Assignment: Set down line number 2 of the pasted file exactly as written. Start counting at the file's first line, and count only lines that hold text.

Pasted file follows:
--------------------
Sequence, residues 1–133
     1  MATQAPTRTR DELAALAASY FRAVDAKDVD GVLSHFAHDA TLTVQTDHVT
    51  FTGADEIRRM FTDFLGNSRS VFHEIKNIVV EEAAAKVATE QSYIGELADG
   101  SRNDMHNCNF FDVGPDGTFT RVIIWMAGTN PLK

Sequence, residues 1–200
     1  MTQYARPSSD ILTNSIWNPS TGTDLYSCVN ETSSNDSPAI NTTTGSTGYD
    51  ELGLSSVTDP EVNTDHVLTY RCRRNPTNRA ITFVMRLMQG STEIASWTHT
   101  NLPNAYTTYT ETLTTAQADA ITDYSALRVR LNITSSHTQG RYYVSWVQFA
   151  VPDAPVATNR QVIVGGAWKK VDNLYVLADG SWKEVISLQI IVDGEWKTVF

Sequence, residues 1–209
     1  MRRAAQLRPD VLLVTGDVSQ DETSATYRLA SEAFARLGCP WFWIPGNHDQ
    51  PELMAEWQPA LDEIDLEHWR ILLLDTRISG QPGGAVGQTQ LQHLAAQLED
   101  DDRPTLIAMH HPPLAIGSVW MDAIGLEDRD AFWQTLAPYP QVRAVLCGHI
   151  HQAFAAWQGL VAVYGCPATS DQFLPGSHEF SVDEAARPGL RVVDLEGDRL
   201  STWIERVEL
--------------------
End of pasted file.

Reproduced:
     1  MATQAPTRTR DELAALAASY FRAVDAKDVD GVLSHFAHDA TLTVQTDHVT